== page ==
Posted by Tasnim Ahmed
June 7, 2021 | 3-minute read (658 words)
COVID-19 has disrupted many aspects of people’s lives and permanently changed the way modern life is conducted. From changing the way people act in public to the way they consume essentials, their way of living and how they socialize, the pandemic has reshaped nearly every aspect of ways of life we once took for granted.
Not far behind is the way people work. With many offices shutting down during the pandemic, employers had to come up with new ways of keeping the business afloat, yet still engage employees and simultaneously comply with all the new guidelines put in place by authorities.
Countless firms opted to require their employees work from home as a stop-gap measure while the pandemic raged in the outside world. While working from home had always existed before on the fringe, few companies wholeheartedly subscribed to this model in the past.
Remote work was once mostly seen as a temporary measure, but as work from home was implemented across industries, it became clear that many companies can succeed with a remote workforce.
And it quickly became evident that many people would prefer to work from home, or at least near home. Not surprisingly, an accompanying trend has emerged in which real estate and the workplace intersect as offices migrate away from city centers to suburbs.
The hub-and-spoke organization
Eyeing new recommendations from the Centers for Disease Control and Prevention on workplace openings, many companies are searching for options away from cities and instead in suburbs, a model that is dubbed the hub and spoke. The central office acts as the hub, and the spoke are smaller offices spread out across geographies, manned by remote staff in offices that serve as satellite workspaces.
The benefits of the hub-and-spoke business setup are manifold. While the main office still functions as the hub with an onsite staff, it needs fewer people which in turns means fewer resources are used and translates to lower overhead costs. Meanwhile, the satellite offices act like traditional offices where people can come in and work if a need for such arises or when a more structured environment is required.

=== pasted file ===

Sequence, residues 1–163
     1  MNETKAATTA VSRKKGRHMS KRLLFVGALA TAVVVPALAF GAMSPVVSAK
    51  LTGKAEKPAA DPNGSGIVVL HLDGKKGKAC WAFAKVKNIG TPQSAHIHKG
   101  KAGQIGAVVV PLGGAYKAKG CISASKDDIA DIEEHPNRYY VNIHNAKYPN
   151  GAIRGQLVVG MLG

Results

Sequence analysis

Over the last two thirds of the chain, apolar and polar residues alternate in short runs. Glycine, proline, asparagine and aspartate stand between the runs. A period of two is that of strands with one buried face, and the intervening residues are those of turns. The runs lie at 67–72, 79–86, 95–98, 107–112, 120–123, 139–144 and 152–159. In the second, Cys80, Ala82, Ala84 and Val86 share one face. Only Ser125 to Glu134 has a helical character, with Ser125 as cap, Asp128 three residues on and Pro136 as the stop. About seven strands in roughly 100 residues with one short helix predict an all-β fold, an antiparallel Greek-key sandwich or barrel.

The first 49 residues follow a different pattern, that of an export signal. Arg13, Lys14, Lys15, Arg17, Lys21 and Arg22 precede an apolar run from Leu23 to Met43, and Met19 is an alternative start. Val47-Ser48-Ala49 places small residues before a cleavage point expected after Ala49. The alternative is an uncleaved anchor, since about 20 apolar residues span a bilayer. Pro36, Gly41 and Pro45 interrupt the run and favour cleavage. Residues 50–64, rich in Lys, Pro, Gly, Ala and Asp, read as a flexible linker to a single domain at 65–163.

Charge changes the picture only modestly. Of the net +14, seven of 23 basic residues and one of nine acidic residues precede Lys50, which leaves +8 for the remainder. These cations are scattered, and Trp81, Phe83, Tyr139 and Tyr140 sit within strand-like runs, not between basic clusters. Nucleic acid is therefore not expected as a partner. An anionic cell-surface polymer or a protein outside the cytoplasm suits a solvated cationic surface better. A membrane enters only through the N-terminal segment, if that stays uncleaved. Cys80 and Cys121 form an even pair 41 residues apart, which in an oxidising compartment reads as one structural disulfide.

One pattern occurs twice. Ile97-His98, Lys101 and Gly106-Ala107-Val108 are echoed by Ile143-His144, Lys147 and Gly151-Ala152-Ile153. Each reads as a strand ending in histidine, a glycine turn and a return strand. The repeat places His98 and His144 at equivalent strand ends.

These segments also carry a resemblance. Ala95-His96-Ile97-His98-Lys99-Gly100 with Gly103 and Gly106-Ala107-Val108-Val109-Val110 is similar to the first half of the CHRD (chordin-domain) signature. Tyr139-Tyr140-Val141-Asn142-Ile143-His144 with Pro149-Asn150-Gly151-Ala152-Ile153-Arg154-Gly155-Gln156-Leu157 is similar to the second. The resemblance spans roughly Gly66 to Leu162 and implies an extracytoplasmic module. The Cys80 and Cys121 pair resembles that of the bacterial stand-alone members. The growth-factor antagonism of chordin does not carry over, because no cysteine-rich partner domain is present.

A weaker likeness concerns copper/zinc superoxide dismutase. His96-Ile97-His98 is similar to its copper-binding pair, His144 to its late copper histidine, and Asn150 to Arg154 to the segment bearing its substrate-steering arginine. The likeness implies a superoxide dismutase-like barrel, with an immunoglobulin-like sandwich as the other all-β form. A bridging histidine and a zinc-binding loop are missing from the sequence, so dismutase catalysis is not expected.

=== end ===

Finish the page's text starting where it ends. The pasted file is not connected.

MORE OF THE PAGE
Many companies are now planning a hybrid approach in which they tell some employees to work from home or from any of the satellite offices to reduce their commute, lower their carbon footprint and boost productivity.
Less commute time, potential cost savings
As many employees observe, it is not that working out of an office is difficult, it is the commute that is the ongoing challenge. The hub and spoke system reduces this commute time for many workers and eases the effect of steep real estate prices for offices located in city centers as less space is needed.
Some in the real estate business now subscribe to the notion that real estate is going the route of retail five years ago as it began to decentralize. About 9 out of 10 of the largest office markets in the U.S. recorded an increase in the vacancy rate during the first quarter, according to real estate services firm CBRE, as businesses look for suburban locations and shorter lease periods.
The lead of big tech companies
Twitter is among a number of companies to communicate that its employees may never return to the old model of working out of a central office and that it will permanently shift to remote work. Google and Facebook have previously announced plans to have staff work remotely until year’s end. Businesses’ land grab in city centers is not necessarily the norm anymore.
Rather, open suburban places where social distancing can be followed appears to be the new norm for at least some companies. In the end, it works out well for many members of the workforce. Additionally, participating companies also do their part for environmental, social, corporate and governance initiatives by virtue of a lesser carbon footprint and diminished resource consumption.